His Wooden Teeth

October 1, 2008
By Michael Duteau BRONZE, Webster, Massachusetts
Michael Duteau BRONZE, Webster, Massachusetts
3 articles 0 photos 0 comments

Never was it a time too soon
That needle hanging from the loon
The scary smile on his face
He breathed through nostrils with disgrace

I took it as a humble deed
To help him through his violent need
Another day he came on through
But then the next, he was doomed

I felt the need to scratch his itch
Yet he told me he had the fix
I watched as he struggled and failed
To help himself; no avail

Encompassing the pits of hell
His ego surpassed what he could tell
A mind so large it overcame
The coordinates of his disdain

It only seemed like he was worse
Each day I had returned in course
He had a new cut for me to see
And he picked at them disgustingly

I found some pleasure in trying to help
Even when he acted as a whelp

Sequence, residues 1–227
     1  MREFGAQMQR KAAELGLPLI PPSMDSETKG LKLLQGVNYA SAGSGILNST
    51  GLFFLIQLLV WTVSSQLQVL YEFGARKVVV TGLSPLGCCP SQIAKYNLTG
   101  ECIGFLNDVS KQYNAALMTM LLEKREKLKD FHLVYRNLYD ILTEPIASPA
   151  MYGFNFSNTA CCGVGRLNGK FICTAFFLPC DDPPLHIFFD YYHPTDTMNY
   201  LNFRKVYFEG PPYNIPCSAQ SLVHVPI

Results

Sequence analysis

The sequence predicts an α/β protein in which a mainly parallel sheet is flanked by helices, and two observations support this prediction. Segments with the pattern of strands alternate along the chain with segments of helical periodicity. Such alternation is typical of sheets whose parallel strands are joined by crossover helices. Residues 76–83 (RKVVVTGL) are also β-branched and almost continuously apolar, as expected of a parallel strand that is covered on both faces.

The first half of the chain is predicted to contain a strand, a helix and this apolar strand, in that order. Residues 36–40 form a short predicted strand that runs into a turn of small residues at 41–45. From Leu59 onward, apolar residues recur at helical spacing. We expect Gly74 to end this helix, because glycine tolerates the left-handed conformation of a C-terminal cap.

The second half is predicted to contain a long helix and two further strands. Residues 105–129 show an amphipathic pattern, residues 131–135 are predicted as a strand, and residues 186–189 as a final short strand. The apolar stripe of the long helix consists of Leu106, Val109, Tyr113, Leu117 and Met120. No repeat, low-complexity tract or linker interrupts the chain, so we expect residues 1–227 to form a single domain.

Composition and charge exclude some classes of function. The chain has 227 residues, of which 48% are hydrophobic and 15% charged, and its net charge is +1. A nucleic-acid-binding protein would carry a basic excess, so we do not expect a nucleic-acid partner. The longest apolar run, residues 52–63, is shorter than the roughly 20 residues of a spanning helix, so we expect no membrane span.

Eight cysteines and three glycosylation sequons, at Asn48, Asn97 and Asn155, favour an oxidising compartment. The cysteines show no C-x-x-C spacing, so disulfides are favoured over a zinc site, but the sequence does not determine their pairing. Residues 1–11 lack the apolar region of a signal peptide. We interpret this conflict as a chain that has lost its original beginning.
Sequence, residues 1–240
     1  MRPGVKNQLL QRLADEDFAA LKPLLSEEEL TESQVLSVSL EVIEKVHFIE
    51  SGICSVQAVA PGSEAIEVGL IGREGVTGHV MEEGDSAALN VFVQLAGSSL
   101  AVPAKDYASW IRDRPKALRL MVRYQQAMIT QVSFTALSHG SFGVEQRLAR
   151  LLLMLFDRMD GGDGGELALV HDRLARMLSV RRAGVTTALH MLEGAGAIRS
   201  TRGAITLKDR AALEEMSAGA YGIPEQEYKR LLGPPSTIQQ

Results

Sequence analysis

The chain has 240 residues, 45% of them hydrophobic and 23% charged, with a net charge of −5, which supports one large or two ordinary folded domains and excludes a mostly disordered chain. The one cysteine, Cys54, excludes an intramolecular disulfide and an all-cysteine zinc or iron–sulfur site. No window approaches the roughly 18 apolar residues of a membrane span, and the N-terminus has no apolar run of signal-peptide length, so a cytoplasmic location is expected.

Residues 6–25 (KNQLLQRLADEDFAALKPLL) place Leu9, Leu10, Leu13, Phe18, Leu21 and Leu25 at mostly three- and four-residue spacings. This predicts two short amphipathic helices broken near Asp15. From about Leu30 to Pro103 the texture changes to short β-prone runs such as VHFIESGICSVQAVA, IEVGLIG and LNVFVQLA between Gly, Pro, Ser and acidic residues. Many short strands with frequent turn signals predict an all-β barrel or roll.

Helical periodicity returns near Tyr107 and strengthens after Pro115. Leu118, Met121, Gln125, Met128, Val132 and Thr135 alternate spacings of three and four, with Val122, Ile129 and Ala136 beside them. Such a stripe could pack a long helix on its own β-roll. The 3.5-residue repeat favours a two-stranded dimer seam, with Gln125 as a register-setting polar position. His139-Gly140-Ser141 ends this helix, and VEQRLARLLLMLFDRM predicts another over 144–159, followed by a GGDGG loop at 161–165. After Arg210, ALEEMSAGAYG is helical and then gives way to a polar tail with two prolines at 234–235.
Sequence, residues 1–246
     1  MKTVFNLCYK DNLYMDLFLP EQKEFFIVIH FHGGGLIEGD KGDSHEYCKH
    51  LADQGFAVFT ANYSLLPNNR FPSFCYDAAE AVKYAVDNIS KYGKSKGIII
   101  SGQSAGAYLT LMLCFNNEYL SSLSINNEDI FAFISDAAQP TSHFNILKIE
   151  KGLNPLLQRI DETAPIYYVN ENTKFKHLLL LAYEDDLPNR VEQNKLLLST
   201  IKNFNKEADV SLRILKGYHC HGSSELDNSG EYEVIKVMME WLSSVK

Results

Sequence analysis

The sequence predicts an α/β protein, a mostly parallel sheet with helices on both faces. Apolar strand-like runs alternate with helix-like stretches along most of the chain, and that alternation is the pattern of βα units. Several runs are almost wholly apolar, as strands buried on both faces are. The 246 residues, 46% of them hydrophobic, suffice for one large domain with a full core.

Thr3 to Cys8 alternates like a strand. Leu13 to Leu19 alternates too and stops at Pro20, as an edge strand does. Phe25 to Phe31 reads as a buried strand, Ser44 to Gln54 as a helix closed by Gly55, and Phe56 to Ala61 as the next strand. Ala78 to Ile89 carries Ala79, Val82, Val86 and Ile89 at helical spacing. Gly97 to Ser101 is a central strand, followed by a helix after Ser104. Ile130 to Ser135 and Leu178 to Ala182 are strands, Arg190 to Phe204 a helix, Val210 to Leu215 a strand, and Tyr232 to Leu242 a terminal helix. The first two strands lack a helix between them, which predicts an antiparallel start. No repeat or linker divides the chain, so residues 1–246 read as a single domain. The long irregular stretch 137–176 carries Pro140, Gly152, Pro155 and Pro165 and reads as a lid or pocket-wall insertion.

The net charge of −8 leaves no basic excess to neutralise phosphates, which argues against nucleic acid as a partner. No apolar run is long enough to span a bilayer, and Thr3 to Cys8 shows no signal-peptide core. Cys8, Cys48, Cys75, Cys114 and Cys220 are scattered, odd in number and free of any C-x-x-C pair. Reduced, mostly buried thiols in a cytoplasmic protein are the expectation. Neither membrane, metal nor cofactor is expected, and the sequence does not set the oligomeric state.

The childish essence of his face
Brought me a sense of irreverence

I felt no shame in taunting him
With nothing but his body on a limb
And soon it seemed like he would break
It took only days for me to take

When all seemed well, I thought I’d helped
But then he threw it off the shelf
The casket burning, where he lay
Was nothing more than another day


The author's comments:
This poem was written based off of my own personal experiences. Both the "loon" and the person trying to help him are different reflections of me. It basically describes my own struggle with manic depression and how, even though I know I need help, I refuse to accept the fact that I do need help. And even at times, I would ridicule myself, thinking, "Why was I so depressed that day? Why am I so depressed in general? This is nonsensical." The title is interesting, too. Not once does the narrator mention these wooden teeth, but it is because he never sees them. The wooden teeth symbolize an outward depiction of the "loon"'s innability to confide in others. It is also an internal problem, that he is horrified of, and, therefore, does not expose.

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